New answers tagged

3

I mount removable panels with Velcro. I purchase the self adhesive type if it won’t stick I staple it 4 small pieces will hold a fair size piece of plywood and your drain pieces sound very light weight.


0

I've considered similar and settled on the following: MAGNETS AND SCREWS In each corner use a good quality neodymium magnet with a countersink hole. Don't use the cheap ones including many found on Azm as they are too thin (break easy) and the screw hole is often some very small size. Here is an example of a better quality one. Attach the magnet either the ...


2

The "how to" is you send that rubbish back to the dark place. It is not safe nor legal, and doesn't even fit our wiring. You bought it in a way that circumvented the systems that assure quality, safe products in the consumer retail stream. Don't do that with electrical gear. Then you buy any of a wide variety of products which do that same function, ...


0

I had this problem as well, I installed a couple of 'leaf springs' on a plastic register and it stays in place very well. Here's a link to a video I made for it. https://youtu.be/bHWa9MCxrDQ The Wright Handyman


3

Another idea is to attach two eye bolts of some kind to the joists on each side and suspend with some kind of strap between, but again not sure the hardware I should use to do that. These solutions work but be careful and do the math: People naively think that if there are two straps then 50% of the weight is held by each strap, but the amount of tension ...


7

Just get a couple of joist hangers and add a 2x6 between your joists. Drill a small hole in the ceiling where you want the eye bolt first and poke a wire hanger through to help locate it from above.


19

I vote for the solution of providing blocking in the attic but will suggest a technique which is very much easier to install than some of the other answers here. A side on looking picture will get the idea across quickly. First trip to the attic to access the situation should include making measurements for spacing between the ceiling joists and the ...


1

My suggested solution is hidden blocking in the ceiling. From below, put a small hole where you want to connection so that from above you can locate where to place the block. In the attic, install a 2x4 (about 22-1/2" long) between the trusses, centered over the hole you made, and tight to the ceiling dry wall. Screw through the trusses into the ends of the ...


19

You've hit on three viable options. I'll make some notes on each so you can decide. Run a cleat across the gap Requires perhaps the most damage to the finished ceiling, but simple and fairly easy A 2x6 laid flat against the ceiling will carry the weight just fine (avoid boards with large knots) Four 3-1/2" by 3/8" lag screws, properly piloted into the ...


3

Easiest is probably to attach a piece of wood to the surface of the ceiling screwed into the joists with structural screws. 2x4 would be fine here as the load is only about 80kg Even painted to match the room that's not going to look particularly good best would be to put 2x4 blocking between the joists and attach to that. that's going to be messy ...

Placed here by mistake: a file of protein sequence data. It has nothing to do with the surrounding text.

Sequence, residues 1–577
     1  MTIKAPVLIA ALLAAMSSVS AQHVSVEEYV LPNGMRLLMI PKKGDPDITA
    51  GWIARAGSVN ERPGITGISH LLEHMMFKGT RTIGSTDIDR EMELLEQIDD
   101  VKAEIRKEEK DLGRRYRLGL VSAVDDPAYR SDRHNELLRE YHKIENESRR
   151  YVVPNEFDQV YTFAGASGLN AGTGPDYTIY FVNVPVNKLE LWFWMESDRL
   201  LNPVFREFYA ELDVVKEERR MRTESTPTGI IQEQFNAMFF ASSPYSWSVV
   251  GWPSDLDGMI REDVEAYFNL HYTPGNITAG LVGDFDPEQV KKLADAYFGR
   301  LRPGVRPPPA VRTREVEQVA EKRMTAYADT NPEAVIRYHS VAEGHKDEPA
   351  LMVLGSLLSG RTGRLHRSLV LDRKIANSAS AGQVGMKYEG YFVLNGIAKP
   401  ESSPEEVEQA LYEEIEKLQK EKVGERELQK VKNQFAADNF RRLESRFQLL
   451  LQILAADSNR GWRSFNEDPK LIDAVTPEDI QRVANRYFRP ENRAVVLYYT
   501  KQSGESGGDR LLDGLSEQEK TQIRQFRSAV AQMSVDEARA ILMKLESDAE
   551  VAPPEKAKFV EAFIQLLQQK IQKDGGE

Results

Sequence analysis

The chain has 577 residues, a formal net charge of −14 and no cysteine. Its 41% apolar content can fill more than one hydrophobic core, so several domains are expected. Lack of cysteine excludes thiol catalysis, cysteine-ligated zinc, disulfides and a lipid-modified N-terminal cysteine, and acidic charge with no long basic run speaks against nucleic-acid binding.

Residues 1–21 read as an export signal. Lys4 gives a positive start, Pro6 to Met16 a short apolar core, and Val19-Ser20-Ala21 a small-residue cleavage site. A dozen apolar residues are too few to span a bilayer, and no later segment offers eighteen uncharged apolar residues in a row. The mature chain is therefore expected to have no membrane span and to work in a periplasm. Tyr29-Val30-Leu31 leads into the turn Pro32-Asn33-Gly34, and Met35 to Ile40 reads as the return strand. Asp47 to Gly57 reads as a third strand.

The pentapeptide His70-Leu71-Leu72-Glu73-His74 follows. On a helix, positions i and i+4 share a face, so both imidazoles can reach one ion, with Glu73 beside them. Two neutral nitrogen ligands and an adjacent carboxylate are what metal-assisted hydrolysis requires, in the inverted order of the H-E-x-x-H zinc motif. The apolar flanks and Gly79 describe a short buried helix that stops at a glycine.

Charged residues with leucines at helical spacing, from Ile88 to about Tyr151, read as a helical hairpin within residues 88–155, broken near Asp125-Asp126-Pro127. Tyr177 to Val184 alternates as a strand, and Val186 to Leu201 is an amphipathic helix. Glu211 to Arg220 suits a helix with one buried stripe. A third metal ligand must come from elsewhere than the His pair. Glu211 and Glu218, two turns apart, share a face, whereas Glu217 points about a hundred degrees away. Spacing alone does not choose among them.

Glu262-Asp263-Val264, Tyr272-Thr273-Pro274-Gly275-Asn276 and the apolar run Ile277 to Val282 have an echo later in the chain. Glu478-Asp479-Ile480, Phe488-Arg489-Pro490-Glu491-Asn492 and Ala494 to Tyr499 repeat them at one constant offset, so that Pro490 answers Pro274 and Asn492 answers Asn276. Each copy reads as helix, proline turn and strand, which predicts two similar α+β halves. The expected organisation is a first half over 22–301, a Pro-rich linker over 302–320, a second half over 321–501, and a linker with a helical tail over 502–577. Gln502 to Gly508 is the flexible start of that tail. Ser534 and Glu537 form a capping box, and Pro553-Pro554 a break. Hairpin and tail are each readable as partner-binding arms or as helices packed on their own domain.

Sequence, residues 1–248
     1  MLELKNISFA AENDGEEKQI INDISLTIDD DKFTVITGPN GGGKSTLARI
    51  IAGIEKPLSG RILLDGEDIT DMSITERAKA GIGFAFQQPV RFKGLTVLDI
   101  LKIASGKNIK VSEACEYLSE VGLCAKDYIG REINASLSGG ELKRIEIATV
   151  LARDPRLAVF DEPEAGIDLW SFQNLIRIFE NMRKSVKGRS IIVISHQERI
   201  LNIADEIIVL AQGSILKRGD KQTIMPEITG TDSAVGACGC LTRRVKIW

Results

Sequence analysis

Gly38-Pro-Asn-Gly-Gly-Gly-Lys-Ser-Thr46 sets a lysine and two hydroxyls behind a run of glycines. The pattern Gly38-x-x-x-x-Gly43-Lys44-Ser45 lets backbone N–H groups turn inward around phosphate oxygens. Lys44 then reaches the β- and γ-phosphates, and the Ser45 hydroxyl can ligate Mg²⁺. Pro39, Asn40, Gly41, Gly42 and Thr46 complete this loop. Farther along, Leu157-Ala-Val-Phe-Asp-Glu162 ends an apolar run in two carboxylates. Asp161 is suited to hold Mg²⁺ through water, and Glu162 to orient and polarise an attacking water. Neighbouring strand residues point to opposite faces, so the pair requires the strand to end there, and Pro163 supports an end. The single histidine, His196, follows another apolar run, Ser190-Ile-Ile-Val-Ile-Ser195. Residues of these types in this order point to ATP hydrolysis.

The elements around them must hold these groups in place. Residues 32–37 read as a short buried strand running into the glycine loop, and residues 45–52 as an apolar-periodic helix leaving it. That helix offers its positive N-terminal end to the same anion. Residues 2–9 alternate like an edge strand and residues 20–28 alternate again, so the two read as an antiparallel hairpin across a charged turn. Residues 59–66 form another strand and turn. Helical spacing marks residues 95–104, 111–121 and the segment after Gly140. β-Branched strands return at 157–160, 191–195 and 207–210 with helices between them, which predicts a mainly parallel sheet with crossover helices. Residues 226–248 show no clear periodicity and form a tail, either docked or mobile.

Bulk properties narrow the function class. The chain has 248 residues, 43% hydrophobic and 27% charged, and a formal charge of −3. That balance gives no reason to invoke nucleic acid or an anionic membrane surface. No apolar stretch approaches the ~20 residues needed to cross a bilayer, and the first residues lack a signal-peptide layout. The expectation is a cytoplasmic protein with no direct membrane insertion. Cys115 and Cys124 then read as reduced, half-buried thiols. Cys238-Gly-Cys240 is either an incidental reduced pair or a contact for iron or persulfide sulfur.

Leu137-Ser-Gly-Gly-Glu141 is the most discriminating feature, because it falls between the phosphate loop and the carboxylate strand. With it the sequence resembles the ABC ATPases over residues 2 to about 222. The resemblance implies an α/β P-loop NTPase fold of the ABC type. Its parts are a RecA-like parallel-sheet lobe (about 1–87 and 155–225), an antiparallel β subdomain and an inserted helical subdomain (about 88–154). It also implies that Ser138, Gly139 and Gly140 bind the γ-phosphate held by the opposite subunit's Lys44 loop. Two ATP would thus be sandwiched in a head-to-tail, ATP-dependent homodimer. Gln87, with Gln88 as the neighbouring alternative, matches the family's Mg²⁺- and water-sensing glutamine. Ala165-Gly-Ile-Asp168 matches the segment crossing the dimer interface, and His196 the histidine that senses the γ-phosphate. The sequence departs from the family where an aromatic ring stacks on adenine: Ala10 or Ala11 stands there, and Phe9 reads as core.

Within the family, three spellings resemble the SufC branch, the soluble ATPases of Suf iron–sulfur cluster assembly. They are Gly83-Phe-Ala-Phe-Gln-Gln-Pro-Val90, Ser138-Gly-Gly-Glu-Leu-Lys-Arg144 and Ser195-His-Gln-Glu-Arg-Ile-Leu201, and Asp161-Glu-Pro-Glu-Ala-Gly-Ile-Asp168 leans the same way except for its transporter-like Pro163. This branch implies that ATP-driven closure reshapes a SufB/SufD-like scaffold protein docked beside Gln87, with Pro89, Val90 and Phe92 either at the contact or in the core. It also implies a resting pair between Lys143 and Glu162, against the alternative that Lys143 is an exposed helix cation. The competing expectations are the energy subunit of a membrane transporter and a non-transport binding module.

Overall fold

3

You're dealing with some major renovations. I don't think we would be able to answer that accurately just by looking at pictures. The easiest part would be rerouting the electric cables. Junction boxes could be mounted to the joists but the boxes would have to be accessible forever. The plex plumbing would be a nightmare and the drain piping almost ...


6

It looks like there is more damage likely hidden under the plaster and the wood members there would be structural. You should remove the plaster to get to and repair this damage or verify that there is none. I suggest removing all the plaster of the relatively small area that is the ceiling of the bay window and replace with drywall after the repair work is ...


2

For a larger drywall patch, say 2'x2', here's what I have done... It's a little time consuming but fairly clean. I cut 90% of the square hole out with a repic saw and leave enough uncut for the drywall to not fall out (making a huge mess). I have someone hold a shop vac close to the saw to get the dust. Then I get 2 pieces of wood similar in size to that of ...


0

If the water damage on your ceiling were extensive I would suggest cutting the ceiling open because you'd probably have to replace some of it anyway - but it looks minor. With the shower directly above this spot that's the likely culprit. However, water does strange things and can travel some distance before the leak seeps through the drywall. You may or may ...


1

That's an odd place for caulking to be applied. Chances are very good that you have a leak above this that is dripping water down onto the drywall and softening it.


0

Not sure this is appropriate to your situation, but the typical way one hangs a lightweight light fixture on a box, is typically with a crossbar of some sort. Here is an example of a general purpose fixed one. There are a variety of these type things out there. Often provided with a fixture. https://www.homedepot.com/p/Commercial-Electric-3-7-8-in-5-...


0

We made a similar change once. The contractor put up cross-connected ties -- sorry, I forget the proper name -- which run from one wall to near the peak on the other side of the ridgeline. You lose about a foot of ceiling height at the peak (inside) but then you have a cathedral ceiling without any cross-ties at all. Aesthetically much nicer.


0

I commented above that the question can't really be answered, but I have a few thoughts to share... Would it be possible to raise the ties up so that he could use a single 20' board for the full span? My concerns are that the ties will sag due to the long span, and that the rafter tails may not be adequately anchored to the wall plates if you remove the ...


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